Insomnia. A cough like a cold engine struggling to start. Eyes aching. A pint of squash, a bottle of cough syrup, a dwindling fire and a single light on in the galley so as not to wake Rich. Hello blog.
We’re busy. The kind of busy that we have learned can turn in to “too much”, particularly as it manifested earlier this winter and all of last. It’s not good for us to fill every day, to miss at least one day of rest together every week. And yet, somehow, we seem to be making it work. Aware, perhaps, of our previous pitfalls, but also buoyed* by excitement at this being the year we might finally start out on the dream voyage, we are slogging away and making time for one another when we can. The daily jobs of washing up, making the fire and cooking dinner are allotted in terms of who gets home first from work and who has any energy left. We’re sympathetic companions whose conversations ramble in to practical problem-solving and whimsical dreaming like the best of times.
The to-do list plods steadily by, with jobs that require clear skies and big jobs we need to do together mentally filed away under “we’ll get to that in spring”. Rich, when not at work, is absorbed in the creation of our dinghies. His is almost finished and is even prettier than I imagined it would be. Mine, which will nest inside his on deck, is going to be called “Bob”.
I’ve been attending an RYA Dayskipper Course twice a week, which is fantastic. Sometimes we’ll learn some exercise of navigation or calculation that sets my mouth open, teeth bared, as my brain stumbles, catching up with the logic I need to employ. Practical, spacial, mathematical – these are not skills to which I am naturally predisposed, but fortunately I do love to learn. Rich did this course many years ago and has forgotten chunks, and I often cosy beside him under the table he’s erected in the saloon to step through my homework. There are so many new things for me to try out when we venture back out to sea – plotting and predicting our course, calculating depth and tide, memorising lights and markers and their corresponding chart symbols. Next will be a VHF radio course and a whole new set of brain-burners.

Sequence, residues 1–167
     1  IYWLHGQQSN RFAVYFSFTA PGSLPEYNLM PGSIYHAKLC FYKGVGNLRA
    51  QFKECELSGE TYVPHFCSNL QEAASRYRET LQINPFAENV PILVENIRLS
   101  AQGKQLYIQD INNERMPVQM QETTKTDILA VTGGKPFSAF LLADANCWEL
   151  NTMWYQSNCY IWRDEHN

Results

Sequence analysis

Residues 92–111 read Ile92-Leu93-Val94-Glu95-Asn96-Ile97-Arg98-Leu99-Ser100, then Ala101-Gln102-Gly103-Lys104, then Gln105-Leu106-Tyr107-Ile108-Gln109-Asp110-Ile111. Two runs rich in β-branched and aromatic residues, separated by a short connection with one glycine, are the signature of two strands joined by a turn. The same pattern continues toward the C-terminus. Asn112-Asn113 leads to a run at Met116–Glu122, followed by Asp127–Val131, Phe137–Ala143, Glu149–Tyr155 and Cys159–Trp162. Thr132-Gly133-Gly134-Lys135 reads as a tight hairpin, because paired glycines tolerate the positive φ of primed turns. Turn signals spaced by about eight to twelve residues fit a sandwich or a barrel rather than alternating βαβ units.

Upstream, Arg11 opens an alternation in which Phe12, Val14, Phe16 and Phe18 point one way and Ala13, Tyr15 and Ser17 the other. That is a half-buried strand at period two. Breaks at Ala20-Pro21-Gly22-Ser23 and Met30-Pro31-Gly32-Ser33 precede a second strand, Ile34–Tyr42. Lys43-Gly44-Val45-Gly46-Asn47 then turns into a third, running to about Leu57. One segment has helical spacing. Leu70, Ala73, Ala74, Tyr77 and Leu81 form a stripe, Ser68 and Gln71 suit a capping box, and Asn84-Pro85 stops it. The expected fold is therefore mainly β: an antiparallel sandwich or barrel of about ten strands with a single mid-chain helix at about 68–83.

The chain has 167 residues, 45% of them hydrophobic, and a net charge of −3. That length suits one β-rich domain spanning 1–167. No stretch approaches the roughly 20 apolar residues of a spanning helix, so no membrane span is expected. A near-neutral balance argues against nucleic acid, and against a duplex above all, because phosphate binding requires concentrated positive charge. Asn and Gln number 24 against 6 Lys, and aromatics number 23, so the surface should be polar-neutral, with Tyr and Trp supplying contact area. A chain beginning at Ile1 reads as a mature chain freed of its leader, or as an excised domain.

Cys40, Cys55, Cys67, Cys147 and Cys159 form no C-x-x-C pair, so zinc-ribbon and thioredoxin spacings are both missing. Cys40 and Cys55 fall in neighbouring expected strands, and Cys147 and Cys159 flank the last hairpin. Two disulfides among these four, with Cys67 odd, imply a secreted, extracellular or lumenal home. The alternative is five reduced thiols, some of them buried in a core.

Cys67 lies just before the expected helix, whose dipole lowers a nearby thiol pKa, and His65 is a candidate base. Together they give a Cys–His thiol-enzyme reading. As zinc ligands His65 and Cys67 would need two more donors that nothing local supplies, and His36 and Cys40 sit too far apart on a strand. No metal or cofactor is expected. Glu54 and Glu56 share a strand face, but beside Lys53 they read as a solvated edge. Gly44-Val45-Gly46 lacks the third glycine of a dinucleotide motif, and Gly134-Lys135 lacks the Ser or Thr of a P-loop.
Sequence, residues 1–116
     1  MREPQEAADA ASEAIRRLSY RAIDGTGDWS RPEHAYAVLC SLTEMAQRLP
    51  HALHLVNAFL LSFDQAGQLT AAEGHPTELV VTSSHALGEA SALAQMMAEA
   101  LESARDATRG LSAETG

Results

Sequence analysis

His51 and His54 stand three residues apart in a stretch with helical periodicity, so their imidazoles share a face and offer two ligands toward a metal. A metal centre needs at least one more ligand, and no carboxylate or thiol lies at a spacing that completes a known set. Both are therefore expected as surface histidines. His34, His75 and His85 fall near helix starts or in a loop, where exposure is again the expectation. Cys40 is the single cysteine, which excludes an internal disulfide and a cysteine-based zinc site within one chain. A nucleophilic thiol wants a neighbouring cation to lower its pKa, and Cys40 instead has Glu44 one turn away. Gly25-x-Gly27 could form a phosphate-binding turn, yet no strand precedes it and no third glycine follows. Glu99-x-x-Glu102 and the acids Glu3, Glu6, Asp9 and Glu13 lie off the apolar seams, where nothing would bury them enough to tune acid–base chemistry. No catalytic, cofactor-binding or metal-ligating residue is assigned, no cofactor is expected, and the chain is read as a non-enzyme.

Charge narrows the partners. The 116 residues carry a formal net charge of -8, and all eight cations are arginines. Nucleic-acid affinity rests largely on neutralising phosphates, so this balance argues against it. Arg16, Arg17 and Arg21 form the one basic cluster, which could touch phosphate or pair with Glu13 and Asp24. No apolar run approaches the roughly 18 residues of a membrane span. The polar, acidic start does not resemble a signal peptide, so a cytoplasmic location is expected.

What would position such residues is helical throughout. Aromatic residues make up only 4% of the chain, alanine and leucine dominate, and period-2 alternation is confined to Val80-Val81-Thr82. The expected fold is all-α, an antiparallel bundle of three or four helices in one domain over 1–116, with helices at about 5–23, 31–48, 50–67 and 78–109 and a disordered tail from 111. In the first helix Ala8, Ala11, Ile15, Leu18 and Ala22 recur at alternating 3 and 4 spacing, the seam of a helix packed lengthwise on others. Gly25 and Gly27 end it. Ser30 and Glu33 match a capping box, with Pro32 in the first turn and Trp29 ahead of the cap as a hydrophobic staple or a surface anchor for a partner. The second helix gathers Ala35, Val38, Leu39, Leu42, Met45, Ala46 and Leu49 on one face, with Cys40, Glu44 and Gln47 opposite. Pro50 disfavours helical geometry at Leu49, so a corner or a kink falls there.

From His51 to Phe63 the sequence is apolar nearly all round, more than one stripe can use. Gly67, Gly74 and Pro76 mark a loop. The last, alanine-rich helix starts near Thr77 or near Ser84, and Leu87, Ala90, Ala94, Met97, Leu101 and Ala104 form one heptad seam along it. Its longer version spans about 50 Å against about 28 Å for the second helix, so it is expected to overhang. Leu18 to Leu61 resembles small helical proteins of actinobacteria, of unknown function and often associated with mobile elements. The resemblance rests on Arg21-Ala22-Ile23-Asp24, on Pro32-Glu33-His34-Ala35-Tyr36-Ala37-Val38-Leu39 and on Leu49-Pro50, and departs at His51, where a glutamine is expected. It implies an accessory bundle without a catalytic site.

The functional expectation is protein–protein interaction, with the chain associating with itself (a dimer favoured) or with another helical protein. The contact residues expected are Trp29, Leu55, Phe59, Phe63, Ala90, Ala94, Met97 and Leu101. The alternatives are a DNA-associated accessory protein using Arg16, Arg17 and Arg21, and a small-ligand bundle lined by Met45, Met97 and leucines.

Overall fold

The main focus at the moment is money. I have never been a money person and my hourly pay is really low, but I have forged a new capacity for squirrelling. Money, the need of it, just enough, will steel me against the growl of my chest infection to work a long cafe day tomorrow. It will keep me saving in one job that I used to love, and plodding by in the other that I do to keep us going – food money, pocket money, laundry money. I stay sane by telling myself of the money for adventure, money for summer, money for as many months as we can take of cruising Cornwall and beyond. I hope. We’ll both be out of our overdrafts this month and looking to save, but Gwen requires a grand or two’s worth of gadgets and materials and Rich’s work comes when it comes, so nothing is certain.
There is time for leisure, in between all this, and we’re hoping to take Serenity for a spin as soon as the weather stops being wretched. Working different days to each other means I have a day a week to myself in which I’ve almost finished writing the play and have hand painted some cards to sell at the Canteen. I get to walk and dream a little, and appreciate the beauty of this place we’re fighting to leave. I don’t doubt that Rame will always feel like home, but wanderlust is a yearning that’s been suppressed long enough.
* There are a few Americans subscribed to this blog so I’d like to pose a question I’ve always wanted to ask about the word “buoy”. We pronounce it “boy”, you pronounce it “boowee”. I, rather childishly, find this particularly entertaining when watching the America’s Cup, and have been known to call out “boowee!” with the commentator (sorry). So: when you use it as a verb, do you pronounce it the same? Do you say “I was booweed by her enthusiasm”? I ask because I watch a lot (too much) of American television and I’ve never heard anyone use it like that.